New evidence Apple is preparing to launch its Apple News magazine service has appeared, with notifications in macOS seemingly indicating the subscription-based service will be available on Mac as well as on the iOS version of the app.
Apple has confirmed the long-rumored March 25 event but, of course, said nothing directly about what will be unveiled there. AppleInsider examines the evidence for Apple launching a more coherent Apple News service with magazines and other publications, plus the debut of Apple's streaming video service — and what new hardware could appear.
This week on the AppleInsider Podcast, Victor and William talk about digital data security and how protecting your privacy is getting harder, and whether or not it makes sense for Apple to start making their own Wi-Fi routers again.
It's believed that if you're a publisher signing up to the forthcoming Apple news and magazine service, you will have to agree that the company keeps half the revenue from the service, and pays out the other half in aggregate to all publishers. If that's true, it's either going to give publishers a great deal more money than they had before, or force further painful contraction in the industry to the benefit of nobody but Apple.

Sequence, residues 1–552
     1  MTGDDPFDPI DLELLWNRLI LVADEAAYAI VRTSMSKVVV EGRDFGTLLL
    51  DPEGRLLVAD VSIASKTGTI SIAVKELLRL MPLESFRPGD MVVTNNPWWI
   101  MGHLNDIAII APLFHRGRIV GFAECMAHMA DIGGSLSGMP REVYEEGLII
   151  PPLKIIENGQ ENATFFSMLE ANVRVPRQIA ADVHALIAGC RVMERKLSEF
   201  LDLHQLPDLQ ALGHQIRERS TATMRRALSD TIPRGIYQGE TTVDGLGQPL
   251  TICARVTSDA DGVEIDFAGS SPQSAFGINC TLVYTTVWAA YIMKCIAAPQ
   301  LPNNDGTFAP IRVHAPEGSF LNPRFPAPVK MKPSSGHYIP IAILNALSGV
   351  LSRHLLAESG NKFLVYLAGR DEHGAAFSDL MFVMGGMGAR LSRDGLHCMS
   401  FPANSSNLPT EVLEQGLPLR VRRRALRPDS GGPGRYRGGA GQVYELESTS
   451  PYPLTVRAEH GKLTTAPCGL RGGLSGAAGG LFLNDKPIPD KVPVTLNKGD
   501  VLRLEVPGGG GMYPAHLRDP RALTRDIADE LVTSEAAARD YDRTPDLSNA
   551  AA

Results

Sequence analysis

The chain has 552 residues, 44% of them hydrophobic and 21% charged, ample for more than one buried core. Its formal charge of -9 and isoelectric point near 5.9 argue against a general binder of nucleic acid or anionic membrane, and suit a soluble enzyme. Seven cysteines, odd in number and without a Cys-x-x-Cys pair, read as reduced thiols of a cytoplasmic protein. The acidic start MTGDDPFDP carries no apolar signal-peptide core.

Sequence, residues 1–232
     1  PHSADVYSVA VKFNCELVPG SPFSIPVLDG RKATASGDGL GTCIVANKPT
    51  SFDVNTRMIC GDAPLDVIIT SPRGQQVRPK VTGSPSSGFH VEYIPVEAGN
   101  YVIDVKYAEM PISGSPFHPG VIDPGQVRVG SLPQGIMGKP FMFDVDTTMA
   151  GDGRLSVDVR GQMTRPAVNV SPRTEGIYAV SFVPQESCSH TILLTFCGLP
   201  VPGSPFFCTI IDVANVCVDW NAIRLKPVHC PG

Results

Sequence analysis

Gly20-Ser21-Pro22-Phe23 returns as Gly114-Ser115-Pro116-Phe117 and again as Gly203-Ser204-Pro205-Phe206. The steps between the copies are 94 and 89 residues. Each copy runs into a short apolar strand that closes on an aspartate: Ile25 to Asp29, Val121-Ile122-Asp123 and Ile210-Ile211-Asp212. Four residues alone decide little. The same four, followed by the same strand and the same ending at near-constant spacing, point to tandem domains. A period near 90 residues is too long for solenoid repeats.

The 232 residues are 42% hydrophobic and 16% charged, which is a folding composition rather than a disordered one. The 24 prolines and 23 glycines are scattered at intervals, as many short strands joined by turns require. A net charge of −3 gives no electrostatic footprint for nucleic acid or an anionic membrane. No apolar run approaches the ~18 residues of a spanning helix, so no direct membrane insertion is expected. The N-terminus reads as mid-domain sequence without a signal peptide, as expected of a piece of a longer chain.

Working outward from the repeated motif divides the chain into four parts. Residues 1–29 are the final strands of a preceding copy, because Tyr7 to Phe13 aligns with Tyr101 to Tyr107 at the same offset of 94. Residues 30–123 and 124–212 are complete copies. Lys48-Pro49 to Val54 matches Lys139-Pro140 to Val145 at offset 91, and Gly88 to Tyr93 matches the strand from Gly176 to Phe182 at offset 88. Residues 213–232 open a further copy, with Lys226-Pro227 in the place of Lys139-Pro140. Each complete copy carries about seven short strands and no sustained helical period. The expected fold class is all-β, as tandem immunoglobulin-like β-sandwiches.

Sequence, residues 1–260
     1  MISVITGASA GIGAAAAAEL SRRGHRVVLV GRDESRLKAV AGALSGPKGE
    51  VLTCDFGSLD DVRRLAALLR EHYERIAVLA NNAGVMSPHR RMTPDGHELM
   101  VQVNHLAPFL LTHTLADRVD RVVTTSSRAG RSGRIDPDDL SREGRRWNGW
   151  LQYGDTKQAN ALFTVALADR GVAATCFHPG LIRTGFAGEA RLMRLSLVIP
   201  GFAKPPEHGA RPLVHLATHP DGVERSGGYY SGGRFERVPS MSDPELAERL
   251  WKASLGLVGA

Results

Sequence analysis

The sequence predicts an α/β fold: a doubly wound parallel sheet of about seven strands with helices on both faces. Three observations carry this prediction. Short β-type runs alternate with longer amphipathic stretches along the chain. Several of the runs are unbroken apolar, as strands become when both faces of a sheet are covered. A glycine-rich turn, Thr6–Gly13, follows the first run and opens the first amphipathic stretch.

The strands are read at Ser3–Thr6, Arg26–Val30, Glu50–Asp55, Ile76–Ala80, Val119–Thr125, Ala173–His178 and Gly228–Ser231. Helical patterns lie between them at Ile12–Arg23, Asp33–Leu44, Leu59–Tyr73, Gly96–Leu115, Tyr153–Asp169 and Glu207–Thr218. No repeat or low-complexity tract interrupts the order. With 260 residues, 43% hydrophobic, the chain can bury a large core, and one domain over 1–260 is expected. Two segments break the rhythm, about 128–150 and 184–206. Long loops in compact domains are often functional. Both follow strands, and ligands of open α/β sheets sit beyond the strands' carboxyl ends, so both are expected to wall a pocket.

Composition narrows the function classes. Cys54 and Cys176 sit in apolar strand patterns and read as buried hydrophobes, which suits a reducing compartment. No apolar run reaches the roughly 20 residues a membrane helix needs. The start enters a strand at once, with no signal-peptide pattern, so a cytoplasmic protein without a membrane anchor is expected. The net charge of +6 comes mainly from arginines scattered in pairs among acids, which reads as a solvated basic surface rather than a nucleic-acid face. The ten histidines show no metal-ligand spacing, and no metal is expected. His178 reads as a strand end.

Publishers are objecting to plans by Apple to offer a subscription news service, according to a report, with the revenue distribution between Apple and the publishers themselves seemingly the sticking point preventing the rumored service from taking off.
Hoping to become the go-to news source for next Tuesday's voting, Apple is reportedly set to replace its current Midterm Elections hub in Apple News with an "Election Night" version, in which people will be able to get real-time information on the balance of the Senate and House.
Apple News aims to minimize the spread of misinformation by prioritizing accuracy over speed, a report about the app's editorial team reveals, with Apple's decision to rely on human curators instead of algorithms to dictate its most prominent stories going the opposite direction of machine-based offerings by its competitors.